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Press release 28th of June 2019

CONCRETE STEPS MUST BE TAKEN TO SAVE COASTAL FISHERIES

The Baltic Sea Seal & Cormorant TNC project was heard at the HELCOM Workshop of Seal and Fisheries Interaction in Copenhagen on June 27, 2019

At the workshop the Baltic Sea Seal and Cormorant TNC project presented a list of researchers’ recommendations for the main solutions and mitigation methods to decrease seal-fishery conflict in the Baltic Sea region and the preliminary results of the large interview study focusing on Baltic seal and cormorant impacts on small-scale fisheries.

  

The Baltic Sea grey seal population has grown unrestrictedly to about 50 000 individuals. It now poses a serious threat to coastal commercial fishing and thus to the self-sufficiency in food production. In addition to the direct impact on fisheries (catch losses and damaged gear), the current seals’ consumption of fish affects the fish populations. 

 

“The grey seals alone eat about 100 million kilos of fish every year, which is about twice the amount that the coastal fisheries take. Damage mitigation measures such as seal-safe gears and scaring devices have been developed and taken in use by the fishers, but these measures have not solved the problem”, says Esko Taanila, Project Manager Esko Taanila, administrator of the Baltic Sea Seal & Cormorant Project.

 

According to the researchers’ recommendations list, there is an urgent need to start managing seal populations by hunting to reduce the population increase in order to secure the ecosystem in the Baltic Sea and our use of the Baltic Sea as an important source of food. A more intensive hunt is limited by the EU ban on the trade of seal products, preventing the use of seals as a positive resource and making use of seal products. A joint demand from the Baltic states to the EU commission to reduce the restrictions is necessary. 

Aiming for viable and sustainable fisheries in the Baltic Sea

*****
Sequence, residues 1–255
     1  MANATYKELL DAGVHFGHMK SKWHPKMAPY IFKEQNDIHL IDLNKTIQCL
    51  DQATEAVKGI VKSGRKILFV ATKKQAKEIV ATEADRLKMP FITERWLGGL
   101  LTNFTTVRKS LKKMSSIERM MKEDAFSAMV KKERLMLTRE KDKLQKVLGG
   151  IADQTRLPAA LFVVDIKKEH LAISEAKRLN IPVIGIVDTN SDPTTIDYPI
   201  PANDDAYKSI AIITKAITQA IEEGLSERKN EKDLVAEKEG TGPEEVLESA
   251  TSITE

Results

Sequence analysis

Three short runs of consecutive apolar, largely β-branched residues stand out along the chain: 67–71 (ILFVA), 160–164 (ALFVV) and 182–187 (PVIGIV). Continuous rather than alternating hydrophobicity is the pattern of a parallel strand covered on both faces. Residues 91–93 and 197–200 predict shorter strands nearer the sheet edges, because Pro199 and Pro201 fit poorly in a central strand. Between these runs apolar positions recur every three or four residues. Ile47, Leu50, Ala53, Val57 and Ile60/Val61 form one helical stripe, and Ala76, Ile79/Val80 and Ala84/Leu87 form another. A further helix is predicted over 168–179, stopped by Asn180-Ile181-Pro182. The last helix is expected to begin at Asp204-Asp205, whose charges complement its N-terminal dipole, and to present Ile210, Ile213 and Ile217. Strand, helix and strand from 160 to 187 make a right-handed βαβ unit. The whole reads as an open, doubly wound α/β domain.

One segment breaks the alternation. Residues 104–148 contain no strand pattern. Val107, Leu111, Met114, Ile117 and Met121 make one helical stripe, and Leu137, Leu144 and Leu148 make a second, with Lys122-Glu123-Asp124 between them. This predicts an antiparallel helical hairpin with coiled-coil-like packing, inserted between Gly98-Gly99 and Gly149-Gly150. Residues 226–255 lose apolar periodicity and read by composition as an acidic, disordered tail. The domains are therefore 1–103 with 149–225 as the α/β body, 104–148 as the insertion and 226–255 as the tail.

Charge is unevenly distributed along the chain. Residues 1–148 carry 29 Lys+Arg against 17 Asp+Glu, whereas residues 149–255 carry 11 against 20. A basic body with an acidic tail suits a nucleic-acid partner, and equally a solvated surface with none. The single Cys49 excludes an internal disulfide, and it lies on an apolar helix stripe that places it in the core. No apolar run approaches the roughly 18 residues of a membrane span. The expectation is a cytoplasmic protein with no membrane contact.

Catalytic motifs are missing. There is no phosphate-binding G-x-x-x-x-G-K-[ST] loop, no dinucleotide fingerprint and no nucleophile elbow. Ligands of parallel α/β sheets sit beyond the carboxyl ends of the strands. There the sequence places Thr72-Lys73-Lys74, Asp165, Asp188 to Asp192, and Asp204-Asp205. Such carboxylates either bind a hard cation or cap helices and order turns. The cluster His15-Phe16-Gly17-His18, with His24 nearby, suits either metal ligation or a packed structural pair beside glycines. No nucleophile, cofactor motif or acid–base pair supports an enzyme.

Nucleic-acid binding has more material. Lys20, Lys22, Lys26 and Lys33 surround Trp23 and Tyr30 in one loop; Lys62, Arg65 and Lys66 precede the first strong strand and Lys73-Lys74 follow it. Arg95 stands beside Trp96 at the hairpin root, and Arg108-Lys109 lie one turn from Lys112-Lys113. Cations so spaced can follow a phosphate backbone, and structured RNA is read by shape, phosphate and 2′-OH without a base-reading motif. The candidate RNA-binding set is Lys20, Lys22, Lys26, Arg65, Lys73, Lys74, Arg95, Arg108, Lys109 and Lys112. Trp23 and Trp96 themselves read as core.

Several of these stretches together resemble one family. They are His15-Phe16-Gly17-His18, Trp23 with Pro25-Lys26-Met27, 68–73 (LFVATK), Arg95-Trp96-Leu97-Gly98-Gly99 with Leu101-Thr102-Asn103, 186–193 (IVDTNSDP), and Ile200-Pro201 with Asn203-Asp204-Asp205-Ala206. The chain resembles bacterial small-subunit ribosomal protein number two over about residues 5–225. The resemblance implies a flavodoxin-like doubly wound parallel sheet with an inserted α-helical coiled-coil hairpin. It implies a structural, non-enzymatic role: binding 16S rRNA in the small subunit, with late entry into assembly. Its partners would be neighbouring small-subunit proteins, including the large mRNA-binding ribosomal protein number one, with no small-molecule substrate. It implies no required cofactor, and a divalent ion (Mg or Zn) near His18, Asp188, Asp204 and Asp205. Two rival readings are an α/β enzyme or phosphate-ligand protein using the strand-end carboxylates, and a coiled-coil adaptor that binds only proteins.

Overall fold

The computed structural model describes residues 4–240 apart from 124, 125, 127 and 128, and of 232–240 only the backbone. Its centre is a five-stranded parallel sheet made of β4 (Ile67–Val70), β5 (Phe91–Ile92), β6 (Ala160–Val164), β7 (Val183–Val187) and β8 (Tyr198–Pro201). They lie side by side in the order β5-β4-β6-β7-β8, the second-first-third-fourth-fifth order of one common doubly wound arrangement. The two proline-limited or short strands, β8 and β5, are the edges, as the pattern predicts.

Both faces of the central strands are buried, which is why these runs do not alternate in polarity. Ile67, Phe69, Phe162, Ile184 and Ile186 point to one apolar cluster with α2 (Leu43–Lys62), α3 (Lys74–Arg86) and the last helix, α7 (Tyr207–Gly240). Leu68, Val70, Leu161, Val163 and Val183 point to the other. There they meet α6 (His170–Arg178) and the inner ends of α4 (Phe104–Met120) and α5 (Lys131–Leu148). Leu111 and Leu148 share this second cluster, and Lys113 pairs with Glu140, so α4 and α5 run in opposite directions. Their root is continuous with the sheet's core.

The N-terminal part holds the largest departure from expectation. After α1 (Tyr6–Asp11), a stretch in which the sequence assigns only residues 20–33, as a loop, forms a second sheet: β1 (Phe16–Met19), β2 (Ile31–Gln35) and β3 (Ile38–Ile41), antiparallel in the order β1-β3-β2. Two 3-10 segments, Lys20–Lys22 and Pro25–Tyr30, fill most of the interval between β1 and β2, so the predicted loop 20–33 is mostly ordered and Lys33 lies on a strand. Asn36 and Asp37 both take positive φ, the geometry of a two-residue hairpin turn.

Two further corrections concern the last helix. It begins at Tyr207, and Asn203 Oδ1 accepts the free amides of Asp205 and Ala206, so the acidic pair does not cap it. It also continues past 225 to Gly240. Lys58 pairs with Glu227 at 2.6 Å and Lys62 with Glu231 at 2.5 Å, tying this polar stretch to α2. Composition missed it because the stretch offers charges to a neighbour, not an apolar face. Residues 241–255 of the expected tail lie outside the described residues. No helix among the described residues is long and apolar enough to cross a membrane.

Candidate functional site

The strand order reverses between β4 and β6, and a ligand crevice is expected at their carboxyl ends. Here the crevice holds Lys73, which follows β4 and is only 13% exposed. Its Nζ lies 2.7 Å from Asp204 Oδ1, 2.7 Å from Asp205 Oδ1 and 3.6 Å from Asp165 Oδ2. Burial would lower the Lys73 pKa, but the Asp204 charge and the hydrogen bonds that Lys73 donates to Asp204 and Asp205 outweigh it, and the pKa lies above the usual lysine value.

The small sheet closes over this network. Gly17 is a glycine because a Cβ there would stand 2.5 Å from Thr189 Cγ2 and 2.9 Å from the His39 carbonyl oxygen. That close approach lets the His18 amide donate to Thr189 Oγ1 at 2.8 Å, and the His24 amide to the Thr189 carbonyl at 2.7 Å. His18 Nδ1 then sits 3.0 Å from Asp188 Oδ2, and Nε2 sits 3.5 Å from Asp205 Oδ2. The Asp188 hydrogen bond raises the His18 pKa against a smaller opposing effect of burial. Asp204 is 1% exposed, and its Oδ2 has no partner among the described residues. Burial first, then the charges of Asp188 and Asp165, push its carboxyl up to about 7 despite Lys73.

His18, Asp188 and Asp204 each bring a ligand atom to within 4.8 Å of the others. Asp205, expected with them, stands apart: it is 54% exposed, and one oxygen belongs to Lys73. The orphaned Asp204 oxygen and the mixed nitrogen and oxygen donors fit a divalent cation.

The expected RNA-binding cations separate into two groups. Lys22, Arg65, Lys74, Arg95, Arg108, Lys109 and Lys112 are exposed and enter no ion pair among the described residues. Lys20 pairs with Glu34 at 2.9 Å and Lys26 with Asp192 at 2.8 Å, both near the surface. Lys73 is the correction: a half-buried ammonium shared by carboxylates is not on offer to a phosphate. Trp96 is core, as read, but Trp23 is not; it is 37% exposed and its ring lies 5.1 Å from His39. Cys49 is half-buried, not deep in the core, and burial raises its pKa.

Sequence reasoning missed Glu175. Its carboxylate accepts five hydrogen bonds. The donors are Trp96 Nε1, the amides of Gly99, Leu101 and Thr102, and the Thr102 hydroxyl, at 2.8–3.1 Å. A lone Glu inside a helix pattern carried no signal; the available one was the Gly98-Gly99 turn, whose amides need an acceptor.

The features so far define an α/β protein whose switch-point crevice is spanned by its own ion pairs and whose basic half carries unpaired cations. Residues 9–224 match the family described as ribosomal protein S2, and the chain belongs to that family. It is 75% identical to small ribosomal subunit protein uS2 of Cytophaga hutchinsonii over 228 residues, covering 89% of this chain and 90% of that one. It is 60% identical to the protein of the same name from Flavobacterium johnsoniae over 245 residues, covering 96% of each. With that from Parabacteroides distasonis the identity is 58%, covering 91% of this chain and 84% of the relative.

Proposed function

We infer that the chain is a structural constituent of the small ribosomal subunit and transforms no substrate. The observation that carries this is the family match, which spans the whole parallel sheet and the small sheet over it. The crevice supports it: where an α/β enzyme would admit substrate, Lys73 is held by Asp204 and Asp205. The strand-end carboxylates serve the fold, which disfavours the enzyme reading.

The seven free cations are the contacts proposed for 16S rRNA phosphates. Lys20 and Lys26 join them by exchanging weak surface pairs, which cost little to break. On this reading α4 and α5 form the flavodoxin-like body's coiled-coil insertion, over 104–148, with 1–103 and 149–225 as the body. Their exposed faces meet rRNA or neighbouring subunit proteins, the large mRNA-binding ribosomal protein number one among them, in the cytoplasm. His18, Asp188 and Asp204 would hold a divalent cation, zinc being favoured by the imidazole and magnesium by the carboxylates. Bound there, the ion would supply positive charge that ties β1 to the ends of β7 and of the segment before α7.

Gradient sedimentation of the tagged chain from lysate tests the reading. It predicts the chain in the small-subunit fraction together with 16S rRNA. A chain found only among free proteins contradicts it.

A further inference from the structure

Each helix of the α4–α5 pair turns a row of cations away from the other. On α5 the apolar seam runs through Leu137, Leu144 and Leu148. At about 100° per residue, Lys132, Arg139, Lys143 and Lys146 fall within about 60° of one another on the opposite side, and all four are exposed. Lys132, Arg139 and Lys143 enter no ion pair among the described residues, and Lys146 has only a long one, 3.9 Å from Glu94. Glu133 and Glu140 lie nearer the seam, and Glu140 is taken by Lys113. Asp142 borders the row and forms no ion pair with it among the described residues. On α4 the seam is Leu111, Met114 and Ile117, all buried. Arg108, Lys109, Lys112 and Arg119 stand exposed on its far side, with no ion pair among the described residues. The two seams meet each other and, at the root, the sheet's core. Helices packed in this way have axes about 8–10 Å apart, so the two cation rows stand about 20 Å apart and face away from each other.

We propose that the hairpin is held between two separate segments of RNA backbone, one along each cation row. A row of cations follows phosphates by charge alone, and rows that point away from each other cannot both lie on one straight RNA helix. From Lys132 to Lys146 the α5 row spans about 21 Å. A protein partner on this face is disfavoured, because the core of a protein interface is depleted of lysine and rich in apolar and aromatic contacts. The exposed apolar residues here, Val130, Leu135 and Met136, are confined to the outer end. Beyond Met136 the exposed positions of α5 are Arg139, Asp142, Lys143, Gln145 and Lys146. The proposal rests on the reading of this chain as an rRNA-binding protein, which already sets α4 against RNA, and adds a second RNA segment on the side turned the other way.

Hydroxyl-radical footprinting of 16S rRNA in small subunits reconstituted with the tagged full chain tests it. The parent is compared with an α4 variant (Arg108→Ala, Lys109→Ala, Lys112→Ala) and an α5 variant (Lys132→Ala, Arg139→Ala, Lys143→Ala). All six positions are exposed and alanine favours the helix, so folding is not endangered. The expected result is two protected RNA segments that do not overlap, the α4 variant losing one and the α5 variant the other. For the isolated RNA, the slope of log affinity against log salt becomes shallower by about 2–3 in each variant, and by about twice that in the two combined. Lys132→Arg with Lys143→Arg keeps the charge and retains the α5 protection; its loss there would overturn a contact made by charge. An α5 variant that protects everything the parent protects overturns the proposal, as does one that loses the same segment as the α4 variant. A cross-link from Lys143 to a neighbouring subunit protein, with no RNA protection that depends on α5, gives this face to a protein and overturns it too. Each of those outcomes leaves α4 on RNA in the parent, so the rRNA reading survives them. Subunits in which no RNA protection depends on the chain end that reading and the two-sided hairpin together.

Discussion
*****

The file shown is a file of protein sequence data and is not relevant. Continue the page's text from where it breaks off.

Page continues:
The 2006 HELCOM seal recommendations goal for Baltic seal populations is a population size that increases until it reaches a carrying capacity and starts to limit itself. However, this recommendation does not account for the Habitats Directive’s objective to promote the maintenance of biodiversity while also accounting for economic, social, cultural, and regional requirements. The Project and the researchers suggest that these aspects proposed by the Habitats Directive should also be taken into account in the HELCOM seal recommendation. The need to amend the HELCOM seal recommendation was also acknowledged in the workshop’s final discussions.

“It’s vitally important to secure the future of small-scale coastal commercial fisheries and maintain the self-sufficiency of the Baltic Sea”, says Project Manager Esko Taanila.

The final report of the Baltic fishermen interview study will be carried out in late autumn 2019. The report will provide information about seal- and cormorant-caused damages, such as economic losses, experienced by the Baltic Sea commercial fishermen. 

 

Further information:

Finland

Maria Saarinen

maria.saarinen@sameboat.fi

 

Sweden

Lars Wellin

Lassewellin@gmail.com

 

Germany

Thorsten Wichman

info@lfvmv.de

 

Estonia

Erko Veltson

erko.veltson@ut.ee


28th November 2018

Current information on Baltic Sea Seal and Cormorant project

The situation now

The Baltic Sea Seal and Cormorant TNC project proceeds as planned. So far two major parts of the project have taken place.

Firstly, an investigation has been made of 50 national research reports concerning seal and cormorant damages, concentrating on the measurement of the economic loss for the fishermen.

Secondly, the first 230 interviews have been collected from Finland (5 FLAGs), Sweden (7 FLAGs), Germany (1 FLAG) and Estonia (1 FLAG). The questionnaire was quite comprehensive, and the fishermen gave their estimation on the economic loss, change of workload, loss of catch etc. caused by seals and cormorants.  All the gathered information will be investigated by academics on a scientific level. We expect to get the first results early next spring.